• Comprehensive Physiology is a seminal online publication that includes complete content from the landmark Handbook of Physiology series. It is continually expanded through a dynamic program of quarterly updates and directed by a distinguished editorial advisory board. It is published on behalf of the American Physiological Society by Wiley-Blackwell.


Members can affiliate with one of twelve disciplinary sections composed of members that share a common interest. The sections are Cardiovascular, Cell and Molecular Physiology, Central Nervous System, Comparative and Evolutionary Physiology, Endocrinology and Metabolism, Environmental and Exercise Physiology, Gastrointestinal and Liver Physiology, Neural Control and Autonomic Regulation, Renal Physiology, Respiration, Teaching of Physiology and Water and Electrolyte Homeostasis. Each member is asked to designate one primary, and two secondary section affiliations. Sections have their own internal governance.


The APS has a variety of membership categories to accommodate all interest levels. Regular membership is for individuals conducting original research in physiology. Affiliate membership is for individuals interested in physiology but without the evidence of scholarly work. Graduate Student membership is for any student engaged in physiological work that will culminate in a doctoral degree. Undergraduate Student membership is for individuals working toward an undergraduate degree that will eventually lead to work in physiology or a related field.


The American Physiological Society provides its membership with opportunities to be involved with the Society through service on its various committees. The Committees are: Animal Care and Experimentation, Awards, Career Opportunities in Physiology, Chapter Advisory Committee, Committee on Committees, Communications, Conferences, Daggs Award, Education, Finance, International Physiology, Joint Program, Physiologists in Industry, Membership, Perkins Memorial Fellowship, Porter Physiology Development, Public Affairs, Publications, Section Advisory, Senior Physiologists, Trainee Advisory, and Women in Physiology.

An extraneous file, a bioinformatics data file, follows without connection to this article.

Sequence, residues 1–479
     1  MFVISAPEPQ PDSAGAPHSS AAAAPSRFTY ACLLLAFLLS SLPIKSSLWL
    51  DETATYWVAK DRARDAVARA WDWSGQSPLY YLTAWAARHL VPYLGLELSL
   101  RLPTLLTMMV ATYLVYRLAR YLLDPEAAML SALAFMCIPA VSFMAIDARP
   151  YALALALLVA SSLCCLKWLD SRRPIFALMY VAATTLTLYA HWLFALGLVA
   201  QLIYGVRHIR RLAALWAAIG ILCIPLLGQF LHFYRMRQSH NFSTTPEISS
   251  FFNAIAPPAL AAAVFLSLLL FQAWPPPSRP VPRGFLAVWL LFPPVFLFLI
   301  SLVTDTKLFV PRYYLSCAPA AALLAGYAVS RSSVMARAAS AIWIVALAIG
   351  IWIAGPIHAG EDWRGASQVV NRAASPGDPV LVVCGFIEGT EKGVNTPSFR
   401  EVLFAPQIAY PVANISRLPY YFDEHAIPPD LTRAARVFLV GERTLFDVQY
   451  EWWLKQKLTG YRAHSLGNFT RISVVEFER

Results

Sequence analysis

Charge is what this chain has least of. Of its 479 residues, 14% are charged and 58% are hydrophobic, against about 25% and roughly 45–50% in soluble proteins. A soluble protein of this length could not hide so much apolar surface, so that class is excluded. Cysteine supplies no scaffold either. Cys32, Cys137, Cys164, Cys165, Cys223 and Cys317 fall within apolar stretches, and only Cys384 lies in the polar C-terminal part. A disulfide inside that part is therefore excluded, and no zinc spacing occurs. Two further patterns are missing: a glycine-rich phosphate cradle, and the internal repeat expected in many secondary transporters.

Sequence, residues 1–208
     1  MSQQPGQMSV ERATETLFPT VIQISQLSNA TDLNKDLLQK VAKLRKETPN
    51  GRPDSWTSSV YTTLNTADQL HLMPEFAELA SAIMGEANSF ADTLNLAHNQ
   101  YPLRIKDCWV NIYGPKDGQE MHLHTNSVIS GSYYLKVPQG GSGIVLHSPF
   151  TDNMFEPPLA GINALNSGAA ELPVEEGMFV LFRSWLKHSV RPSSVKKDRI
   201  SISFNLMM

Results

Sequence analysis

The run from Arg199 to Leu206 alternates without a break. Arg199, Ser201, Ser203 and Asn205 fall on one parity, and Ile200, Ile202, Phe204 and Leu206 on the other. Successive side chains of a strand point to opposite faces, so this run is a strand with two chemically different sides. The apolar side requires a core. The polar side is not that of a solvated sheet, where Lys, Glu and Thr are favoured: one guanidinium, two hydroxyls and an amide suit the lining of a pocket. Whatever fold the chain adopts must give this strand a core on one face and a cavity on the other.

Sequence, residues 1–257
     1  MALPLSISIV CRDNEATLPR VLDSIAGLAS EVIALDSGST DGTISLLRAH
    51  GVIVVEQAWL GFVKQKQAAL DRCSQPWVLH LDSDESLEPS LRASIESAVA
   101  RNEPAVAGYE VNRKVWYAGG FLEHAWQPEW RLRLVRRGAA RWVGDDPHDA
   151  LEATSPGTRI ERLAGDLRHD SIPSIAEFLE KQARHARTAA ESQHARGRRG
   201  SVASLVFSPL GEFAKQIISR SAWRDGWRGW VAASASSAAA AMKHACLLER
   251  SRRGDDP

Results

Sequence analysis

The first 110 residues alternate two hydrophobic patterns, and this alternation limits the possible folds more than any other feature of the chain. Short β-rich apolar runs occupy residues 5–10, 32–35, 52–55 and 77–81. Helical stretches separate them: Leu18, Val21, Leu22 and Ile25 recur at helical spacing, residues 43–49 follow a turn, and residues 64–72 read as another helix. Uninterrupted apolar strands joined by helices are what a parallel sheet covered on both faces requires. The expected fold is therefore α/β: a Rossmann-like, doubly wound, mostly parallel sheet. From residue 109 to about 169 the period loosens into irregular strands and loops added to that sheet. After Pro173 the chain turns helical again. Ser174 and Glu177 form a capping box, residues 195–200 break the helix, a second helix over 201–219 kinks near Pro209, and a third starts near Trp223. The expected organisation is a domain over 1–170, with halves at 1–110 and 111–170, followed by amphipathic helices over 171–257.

The American Physiological Society sponsors a number of scientific meetings each year. Experimental Biology, the APS annual meeting, is conducted jointly with other FASEB member societies. In addition to its annual meeting, specialized APS Conferences are held throughout the year and focus on designated areas of physiological research. The spring annual meeting, Experimental Biology, is convened jointly with other biomedical societies. This multi-society interdisciplinary, biomedical, and scientific meeting features plenary and award lectures, symposia, oral and poster sessions, a placement center, and an exhibit of scientific equipment, supplies, and publications.[7]


  1. "About". American Physiological Society. Archived from the original on 2018-10-21. Retrieved 2015-05-04.
  2. Appel, Toby A. (1987). "2". In Brobeck, John R.; Reynolds, Orr E.; Appel, Toby A. (eds.). History of the American Physiological Society the First Century, 1887-1987. New York, NY: Springer New York. ISBN 9781461475767.
  3. "Founders". American Physiological Society. Retrieved 7 January 2017.
  4. "UNC researcher honored by American Physiological Society — UNC School of Medicine".
  5. "School of Medicine — School of Medicine University of Louisville".
  6. "Assistant Professor Kelly Suter receives prestigious American Physiological Society award".
  7. "The American Physiological Society Convenes For 120th Annual Meeting" (press release).